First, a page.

“It took me 10 years to research and make myself worthy of directing this film,” reflects Subhrajit Mitra, director and screenplay writer of Avijatrik, who is based in Kolkata, India. “I was aware that this would be not just a film but a legacy that continues forward from a classic novel.”
The novel in question is none other than the work of the late Bibhutibhushan Bandopadhyay’s semi-autobiographical Aparajito, which was made into a film series called The Apu Trilogy by one of the most revered directors of world cinema, Satyajit Ray. Among the 30 feature films that Ray wrote and directed, The Apu Trilogy stands among the greatest films of all times, famously inspiring Hollywood legends such as director Martin Scorsese.
“I wanted to make myself capable before embarking on this project and did so only after I developed enough confidence,” explains Mitra, who started his career in 2008 as a documentary filmmaker for international channels in India.
Based on a young boy’s life journey in rural Bengal, India, Ray’s trilogy was created on a shoestring budget and comprised Pather Panchali (Song of the Road), shot in 1955, Aparajito (The Unvanquished), 1956, and Apur Sansar (The World of Apu), 1959.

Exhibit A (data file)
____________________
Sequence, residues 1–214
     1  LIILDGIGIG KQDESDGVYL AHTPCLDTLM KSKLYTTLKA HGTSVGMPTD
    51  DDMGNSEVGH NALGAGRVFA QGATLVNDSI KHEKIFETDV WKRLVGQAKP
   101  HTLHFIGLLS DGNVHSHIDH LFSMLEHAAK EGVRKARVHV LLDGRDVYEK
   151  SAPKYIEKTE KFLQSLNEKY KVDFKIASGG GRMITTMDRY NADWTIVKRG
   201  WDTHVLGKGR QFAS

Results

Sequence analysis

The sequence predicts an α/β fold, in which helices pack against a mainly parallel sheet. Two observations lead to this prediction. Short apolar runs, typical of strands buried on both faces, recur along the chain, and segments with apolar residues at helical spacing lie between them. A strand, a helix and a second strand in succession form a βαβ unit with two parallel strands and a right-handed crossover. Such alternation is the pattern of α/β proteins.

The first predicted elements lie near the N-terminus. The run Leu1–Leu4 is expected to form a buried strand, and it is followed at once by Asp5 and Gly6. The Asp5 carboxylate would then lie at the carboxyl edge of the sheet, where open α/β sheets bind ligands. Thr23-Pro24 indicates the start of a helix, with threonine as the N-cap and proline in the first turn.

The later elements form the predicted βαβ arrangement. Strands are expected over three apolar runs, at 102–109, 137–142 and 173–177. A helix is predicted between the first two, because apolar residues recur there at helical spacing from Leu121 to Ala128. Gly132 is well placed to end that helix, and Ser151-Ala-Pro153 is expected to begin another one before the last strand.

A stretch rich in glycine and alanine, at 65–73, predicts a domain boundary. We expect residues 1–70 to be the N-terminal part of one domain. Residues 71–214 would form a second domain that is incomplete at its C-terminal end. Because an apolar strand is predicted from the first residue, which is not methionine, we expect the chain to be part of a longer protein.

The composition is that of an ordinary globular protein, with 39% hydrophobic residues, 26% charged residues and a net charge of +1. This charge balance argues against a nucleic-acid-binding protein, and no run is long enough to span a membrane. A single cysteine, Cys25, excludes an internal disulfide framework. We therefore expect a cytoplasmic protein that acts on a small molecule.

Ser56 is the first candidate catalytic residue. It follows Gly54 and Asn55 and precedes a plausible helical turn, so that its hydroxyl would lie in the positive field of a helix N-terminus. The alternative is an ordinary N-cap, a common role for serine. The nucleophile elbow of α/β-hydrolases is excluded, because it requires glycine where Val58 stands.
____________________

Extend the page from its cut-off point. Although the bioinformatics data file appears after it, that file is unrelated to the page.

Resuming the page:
“Pather Panchali and Aparajito are part of every Bengali’s household,” says Mitra. “When I was reading the novel, I realized that the last one-third part was left untouched by Satyajit Ray. No one else touched it since Ray completed the films 60 years back.
One of the biggest challenges for Mitra was to recreate the 1940s India because the world has changed so much since then.
“It’s easy to create a set indoors, but recreating outdoors was a huge production challenge,” he says. “We had to research extensively to get props and structures. I was conscious about keeping the feel and authenticity of the film intact.”
Asked if audiences today will resonate with a monochromatic film, Mitra says, “People relate better to black-and-white when it is a period film. I wanted to continue the same visual aesthetics of the trilogy. The film needed to look like a continuation of the trilogy, not disconnected from the series. Black-and-white captures the soul of the wanderlust of Apu–his inner world. I did not want to glamourize the outer world.”
In Ray’s films, music speaks louder than words. The score for the trilogy was composed by Pandit Ravi Shankar, the late sitar maestro and composer. Finding a musician to fill Shankar’s shoes was another challenge for Mitra.
Fortunately, he had a friend and relative in the tabla player and Indo-fusion music composer Bickram Ghosh. Ghosh collaborated with Ravi Shankar’s daughter, Anushka Shankar, to create the Avijatrik soundtrack, which has won him the Best Composer award at the most recent monthly edition of the Montreal Independent Film Festival (which means he will be considered for the annual festival awards).